Born in Quebec City, Edmund Alleyn is one of the most audacious artists of his generation. As a student at the École des beaux-art de Québec in the 1950s, he studied under Jean-Paul Lemieux and Jean Dallaire. After graduating, he taught as a professor in University of Ottawa’s visual arts department for 15 years. In 1955, he won the Grand Prix aux concours artistiques de la province de Québec and a grant from the Royal Society. In 1958, Alleyn joined Paul-Émile Borduas, Harold Town, Jean-Paul Riopelle and Léon Bellefleur in representing the Canadian delegation at the Guggenheim International Awards. He won the bronze medal at the Biennale of Sao Paulo in 1959, and the following year, he was selected to represent Canada at the Biennale de Venice. Known for his numerous pictorial works, Edmund Alleyn also created sculptures and major installations. His most important sculpture is, without question, Introscaphe (1968-1970). A work said to be polysensorial, Introscaphe is capsule that an onlooker can enter to experience four and a half minutes of sounds and images. Considered today to be one of the first multimedia works in the world, the Introscaphe, with its spaceship-like oval shape, bombarded spectators with images of a society being increasingly “automated” by technology. Throughout his career, Edmund Alleyn created several three dimensional pieces, including the sculptures The Old Seawolf (1961-1963), The Big Sleep (1968), the project Une belle fin de journée (1973-1976) and the in situ installation Le Musée d’hiver (1978-1979) at the Montreal Museum of Fine Arts. His pieces have been shown in diverse exhibition locations across the world, including several museums in Quebec, at the Galerie Lavalin (Montreal), at the 49th Parallel (New York) and at the Musée d’art modern de la Ville de Paris (France).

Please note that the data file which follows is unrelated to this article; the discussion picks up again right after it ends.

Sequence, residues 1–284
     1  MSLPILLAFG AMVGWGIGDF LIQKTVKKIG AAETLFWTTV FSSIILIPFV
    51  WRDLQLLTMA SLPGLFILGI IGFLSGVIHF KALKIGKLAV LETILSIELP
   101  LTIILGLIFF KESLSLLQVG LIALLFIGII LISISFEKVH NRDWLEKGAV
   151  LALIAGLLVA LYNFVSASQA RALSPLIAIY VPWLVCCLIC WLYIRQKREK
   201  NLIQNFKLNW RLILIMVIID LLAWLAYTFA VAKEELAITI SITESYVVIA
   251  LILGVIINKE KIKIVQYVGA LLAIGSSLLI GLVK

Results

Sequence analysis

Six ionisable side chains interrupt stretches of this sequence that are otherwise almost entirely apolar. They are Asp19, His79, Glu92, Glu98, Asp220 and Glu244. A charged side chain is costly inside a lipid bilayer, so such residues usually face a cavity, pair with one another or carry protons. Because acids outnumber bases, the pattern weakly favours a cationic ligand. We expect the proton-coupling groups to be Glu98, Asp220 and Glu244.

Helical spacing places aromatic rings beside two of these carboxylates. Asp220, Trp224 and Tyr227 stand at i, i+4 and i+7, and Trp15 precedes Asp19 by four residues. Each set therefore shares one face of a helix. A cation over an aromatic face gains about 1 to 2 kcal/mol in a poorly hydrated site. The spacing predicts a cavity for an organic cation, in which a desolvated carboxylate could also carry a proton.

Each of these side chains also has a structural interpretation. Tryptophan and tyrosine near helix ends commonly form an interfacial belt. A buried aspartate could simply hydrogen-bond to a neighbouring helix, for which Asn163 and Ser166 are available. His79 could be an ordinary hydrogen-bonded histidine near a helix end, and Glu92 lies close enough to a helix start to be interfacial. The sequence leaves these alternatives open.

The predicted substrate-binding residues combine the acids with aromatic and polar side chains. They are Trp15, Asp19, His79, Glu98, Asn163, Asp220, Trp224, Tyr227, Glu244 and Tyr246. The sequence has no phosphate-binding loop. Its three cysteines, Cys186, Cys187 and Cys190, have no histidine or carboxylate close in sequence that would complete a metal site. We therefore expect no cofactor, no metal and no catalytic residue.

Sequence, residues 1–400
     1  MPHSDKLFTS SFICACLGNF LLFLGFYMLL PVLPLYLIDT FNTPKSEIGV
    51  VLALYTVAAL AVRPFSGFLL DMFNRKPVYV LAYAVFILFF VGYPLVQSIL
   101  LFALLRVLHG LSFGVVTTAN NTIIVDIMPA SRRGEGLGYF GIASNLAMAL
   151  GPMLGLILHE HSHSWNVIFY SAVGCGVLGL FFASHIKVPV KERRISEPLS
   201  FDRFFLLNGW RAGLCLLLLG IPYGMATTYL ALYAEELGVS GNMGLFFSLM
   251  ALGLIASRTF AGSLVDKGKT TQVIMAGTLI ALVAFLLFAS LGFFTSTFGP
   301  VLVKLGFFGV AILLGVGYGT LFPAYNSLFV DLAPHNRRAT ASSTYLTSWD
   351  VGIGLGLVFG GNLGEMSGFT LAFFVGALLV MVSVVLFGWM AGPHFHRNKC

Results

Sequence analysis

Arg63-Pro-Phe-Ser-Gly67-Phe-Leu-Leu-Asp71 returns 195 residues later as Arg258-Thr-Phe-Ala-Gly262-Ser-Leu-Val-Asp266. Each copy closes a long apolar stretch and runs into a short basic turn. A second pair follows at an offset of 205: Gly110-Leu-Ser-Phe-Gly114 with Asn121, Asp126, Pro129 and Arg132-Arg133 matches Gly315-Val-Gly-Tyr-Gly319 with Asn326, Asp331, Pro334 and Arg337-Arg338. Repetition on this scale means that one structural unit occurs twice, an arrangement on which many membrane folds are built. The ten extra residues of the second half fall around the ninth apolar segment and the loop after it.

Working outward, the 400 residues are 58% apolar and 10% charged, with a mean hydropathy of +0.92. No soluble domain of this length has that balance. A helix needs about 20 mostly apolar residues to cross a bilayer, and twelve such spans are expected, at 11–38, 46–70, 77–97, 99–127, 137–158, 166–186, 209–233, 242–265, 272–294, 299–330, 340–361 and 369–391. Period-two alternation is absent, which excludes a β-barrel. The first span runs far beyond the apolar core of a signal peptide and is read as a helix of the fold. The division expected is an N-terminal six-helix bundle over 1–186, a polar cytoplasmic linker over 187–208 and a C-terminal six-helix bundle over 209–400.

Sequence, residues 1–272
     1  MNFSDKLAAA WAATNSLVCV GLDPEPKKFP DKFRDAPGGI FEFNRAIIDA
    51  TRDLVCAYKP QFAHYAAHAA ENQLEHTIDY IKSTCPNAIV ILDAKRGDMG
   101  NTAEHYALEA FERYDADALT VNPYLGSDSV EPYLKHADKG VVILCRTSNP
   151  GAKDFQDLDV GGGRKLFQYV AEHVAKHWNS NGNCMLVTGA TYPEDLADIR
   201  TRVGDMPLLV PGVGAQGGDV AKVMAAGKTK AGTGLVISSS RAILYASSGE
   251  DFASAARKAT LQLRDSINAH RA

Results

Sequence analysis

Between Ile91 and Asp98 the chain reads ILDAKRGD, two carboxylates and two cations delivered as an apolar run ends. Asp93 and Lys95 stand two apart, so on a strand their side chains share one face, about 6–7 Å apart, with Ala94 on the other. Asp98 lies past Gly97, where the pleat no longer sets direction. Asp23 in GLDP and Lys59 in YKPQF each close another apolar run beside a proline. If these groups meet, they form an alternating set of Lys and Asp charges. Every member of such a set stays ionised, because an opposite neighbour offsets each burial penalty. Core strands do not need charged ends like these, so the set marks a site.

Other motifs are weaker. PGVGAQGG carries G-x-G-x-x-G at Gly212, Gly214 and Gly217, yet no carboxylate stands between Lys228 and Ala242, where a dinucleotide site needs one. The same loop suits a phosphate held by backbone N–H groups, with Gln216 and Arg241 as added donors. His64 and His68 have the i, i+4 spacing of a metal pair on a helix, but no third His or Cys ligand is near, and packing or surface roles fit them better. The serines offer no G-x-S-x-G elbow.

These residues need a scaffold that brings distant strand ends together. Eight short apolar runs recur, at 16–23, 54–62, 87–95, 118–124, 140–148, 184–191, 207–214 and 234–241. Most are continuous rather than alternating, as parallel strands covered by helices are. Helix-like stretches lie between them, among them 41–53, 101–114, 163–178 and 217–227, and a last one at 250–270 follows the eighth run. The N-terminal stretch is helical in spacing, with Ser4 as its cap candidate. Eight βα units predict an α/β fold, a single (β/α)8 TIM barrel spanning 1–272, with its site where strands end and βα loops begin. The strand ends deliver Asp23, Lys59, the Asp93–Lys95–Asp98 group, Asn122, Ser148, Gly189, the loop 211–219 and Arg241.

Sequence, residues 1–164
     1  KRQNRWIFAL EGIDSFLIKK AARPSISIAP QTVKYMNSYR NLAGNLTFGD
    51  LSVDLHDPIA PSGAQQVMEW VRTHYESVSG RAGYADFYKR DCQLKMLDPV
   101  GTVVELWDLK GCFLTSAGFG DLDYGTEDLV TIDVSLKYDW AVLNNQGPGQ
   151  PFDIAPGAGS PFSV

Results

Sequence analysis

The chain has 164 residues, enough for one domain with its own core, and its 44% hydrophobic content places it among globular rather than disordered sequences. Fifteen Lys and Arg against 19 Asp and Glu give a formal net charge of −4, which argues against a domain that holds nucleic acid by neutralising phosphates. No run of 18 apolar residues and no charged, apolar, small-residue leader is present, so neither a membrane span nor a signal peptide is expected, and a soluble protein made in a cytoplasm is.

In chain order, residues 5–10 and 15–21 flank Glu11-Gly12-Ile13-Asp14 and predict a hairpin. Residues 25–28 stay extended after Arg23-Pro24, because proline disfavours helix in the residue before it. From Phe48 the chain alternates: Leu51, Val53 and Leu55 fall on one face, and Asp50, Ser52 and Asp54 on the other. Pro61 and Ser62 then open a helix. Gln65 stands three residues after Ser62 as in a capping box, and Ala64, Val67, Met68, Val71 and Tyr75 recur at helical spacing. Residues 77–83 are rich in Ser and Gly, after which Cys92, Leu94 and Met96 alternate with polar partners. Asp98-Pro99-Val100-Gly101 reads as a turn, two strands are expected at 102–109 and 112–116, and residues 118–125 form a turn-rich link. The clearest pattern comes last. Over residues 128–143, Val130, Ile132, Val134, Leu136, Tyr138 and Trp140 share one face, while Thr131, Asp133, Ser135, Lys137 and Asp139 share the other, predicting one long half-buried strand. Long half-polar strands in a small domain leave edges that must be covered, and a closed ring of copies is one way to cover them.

Edmund Alleyn, Introscaphe, 1968-1970. Bois, fibre de verre, peinture, circuits électriques et électroniques, systèmes de projection et autres matériaux. 155 x 330 x 113 cm. Photo : Succession Edmund Alleyn.